We’re very pleased to make the official announcement that Anthony Skelton will be serving as Acting Director of the Institute (effective July 1, 2019) during the next academic year. Anthony previously served as Associate Director of the Institute from 2014-18, and as a member of the steering committee during that time. Please join us in congratulating Anthony on this appointment, and in welcoming him into this new role! Our current Director, Chris Smeenk, will be taking a sabbatical year and will be a visiting fellow at McGill University. During this time he’ll be able to work closely with Robert Brandenberger (McGill) who is a collaborator on his research project, New Directions in Philosophy of Cosmology. Chris will resume his role as Director for the 2020-21 academic year.
Please also join us in congratulating Anthony Skelton for his appointment as a 2019 Graham and Gale Wright Distinguished Scholar–a Faculty of Arts & Humanities at Western University faculty-based award recognizing prominent contributions of internationally-recognized researchers in their field.
Gillian Barker will be retiring from Western University this summer, so this month we held a celebration in her honour at London Music Hall. The event was an open mic and we were treated to singing and music from Gillian and a number of other members of the Institute & department of philosophy–including Harmony Ezeuko, Ben Formanek, Matt Howery, Andre LeChance, Derek Oswick, and Meghan Winsby. Thank you to everyone who participated, and most importantly, to everyone who came out to recognize Gillian for her time and contributions to our community. She will be deeply missed!
The final speaker of our 2018-19 Speaker Series, Emily Thomas, visited the Institute from April 3-5. She took part in a Rotman Dialogue on April 4 based on her recent book, Absolute Time: Rifts in Early Modern British Metaphysics, with commentary by Alastair Crosby. She also delivered a talk on April 5, titled “Travel Writing as Thought Experiments: Science, Francis Bacon, and Margaret Cavendish’s Blazing World“.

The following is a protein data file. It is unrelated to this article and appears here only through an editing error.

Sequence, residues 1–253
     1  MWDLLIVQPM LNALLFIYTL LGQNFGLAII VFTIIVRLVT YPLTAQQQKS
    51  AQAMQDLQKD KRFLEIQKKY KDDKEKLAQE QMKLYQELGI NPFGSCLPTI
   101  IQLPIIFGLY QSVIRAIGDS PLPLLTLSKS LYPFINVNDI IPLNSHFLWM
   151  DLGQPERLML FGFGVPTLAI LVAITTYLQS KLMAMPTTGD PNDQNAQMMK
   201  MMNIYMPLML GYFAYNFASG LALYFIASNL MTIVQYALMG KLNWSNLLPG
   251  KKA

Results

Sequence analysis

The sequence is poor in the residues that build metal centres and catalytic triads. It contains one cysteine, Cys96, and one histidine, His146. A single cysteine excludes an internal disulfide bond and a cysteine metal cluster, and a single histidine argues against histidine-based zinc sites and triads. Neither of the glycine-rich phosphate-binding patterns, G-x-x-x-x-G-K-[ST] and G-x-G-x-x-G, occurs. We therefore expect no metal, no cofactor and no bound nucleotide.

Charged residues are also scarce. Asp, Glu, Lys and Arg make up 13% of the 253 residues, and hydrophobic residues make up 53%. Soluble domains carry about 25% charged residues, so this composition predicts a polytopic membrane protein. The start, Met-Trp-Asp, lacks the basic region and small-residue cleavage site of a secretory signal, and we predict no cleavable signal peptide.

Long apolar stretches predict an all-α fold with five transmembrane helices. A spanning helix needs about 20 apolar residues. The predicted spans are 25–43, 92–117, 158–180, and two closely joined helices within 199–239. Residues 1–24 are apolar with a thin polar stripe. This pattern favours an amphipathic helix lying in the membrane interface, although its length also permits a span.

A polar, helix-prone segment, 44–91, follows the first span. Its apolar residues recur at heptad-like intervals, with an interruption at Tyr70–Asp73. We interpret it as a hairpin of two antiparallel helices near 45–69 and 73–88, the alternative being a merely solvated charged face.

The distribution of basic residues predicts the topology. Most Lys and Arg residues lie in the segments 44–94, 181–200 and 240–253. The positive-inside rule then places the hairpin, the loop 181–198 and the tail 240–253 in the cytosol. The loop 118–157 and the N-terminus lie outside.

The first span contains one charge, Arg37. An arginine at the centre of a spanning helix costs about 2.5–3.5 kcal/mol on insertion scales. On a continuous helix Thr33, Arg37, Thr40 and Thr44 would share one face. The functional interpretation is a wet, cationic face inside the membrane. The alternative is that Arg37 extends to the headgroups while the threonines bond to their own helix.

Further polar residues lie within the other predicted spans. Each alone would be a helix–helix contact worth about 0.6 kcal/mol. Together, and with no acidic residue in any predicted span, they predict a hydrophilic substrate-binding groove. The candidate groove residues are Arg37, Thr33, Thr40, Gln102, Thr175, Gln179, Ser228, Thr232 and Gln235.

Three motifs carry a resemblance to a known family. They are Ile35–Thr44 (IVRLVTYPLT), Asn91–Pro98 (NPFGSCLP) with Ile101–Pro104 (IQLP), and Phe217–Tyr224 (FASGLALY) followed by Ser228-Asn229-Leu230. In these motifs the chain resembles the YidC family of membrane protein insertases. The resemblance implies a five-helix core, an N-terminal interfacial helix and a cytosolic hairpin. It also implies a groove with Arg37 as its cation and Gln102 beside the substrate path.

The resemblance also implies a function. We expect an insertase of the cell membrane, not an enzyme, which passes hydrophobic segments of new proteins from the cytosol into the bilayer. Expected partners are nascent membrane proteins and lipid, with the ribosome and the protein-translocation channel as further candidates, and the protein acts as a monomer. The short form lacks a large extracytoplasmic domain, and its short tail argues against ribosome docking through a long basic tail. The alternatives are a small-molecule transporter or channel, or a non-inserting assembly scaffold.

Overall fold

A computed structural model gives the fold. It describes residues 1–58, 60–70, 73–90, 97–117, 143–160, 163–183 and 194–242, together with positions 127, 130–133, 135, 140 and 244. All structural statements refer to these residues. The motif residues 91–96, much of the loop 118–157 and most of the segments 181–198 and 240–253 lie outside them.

The Institute also welcomed two visiting fellows this month: Nico Orlandi (University of California, Santa Cruz) and Rob Rupert (University of Colorado Boulder). Dr. Orlandi took part in a Rotman Dialoge on April 8, based on selected readings from her book, The Innocent Eye: Why Vision Is Not a Cognitive Process, with commentary by Ron Chunn and Andrew Tweedle. Dr. Rupert delivered a talk on April 24, titled “There Is No Personal Level: On the Virtues of a Psychology Flattened from Above“.
And finally, we were very pleased to announce the winner of our 3rd Annual Philosophical Photography Contest this month. This year’s winning photograph, titled “Time Travel”, was submitted by Chelsea McKenzie and depicts the Devil’s Punch Bowl, a cliff-face on the Niagara escarpment of exposed striated rock, equivalent to 450 million years of geological time.
All other news from our members is listed below alphabetically.
A recent episode of the Sound of Science podcast, featured interviews with Michael Anderson and Bill Harper. Sound of Science is a student radio show on science research at Western University. Here’s their description of the episode: Episode 7 takes our team to the Rotman Institute of Philosophy – Western University to explore new frontiers of science and philosophy! Here we feature one philosopher that aims to understand how using and re-using different parts of the brain for different functions is related to a bigger philosophical issue known as “embodied cognition”. We also learned about the unique approach that Isaac Newton took to formulate his hypotheses, and how this affected the way he arrived at his powerful gravitational and cosmological theories. Join us as we visit the Rotman Institute to learn more about research in philosophy and science!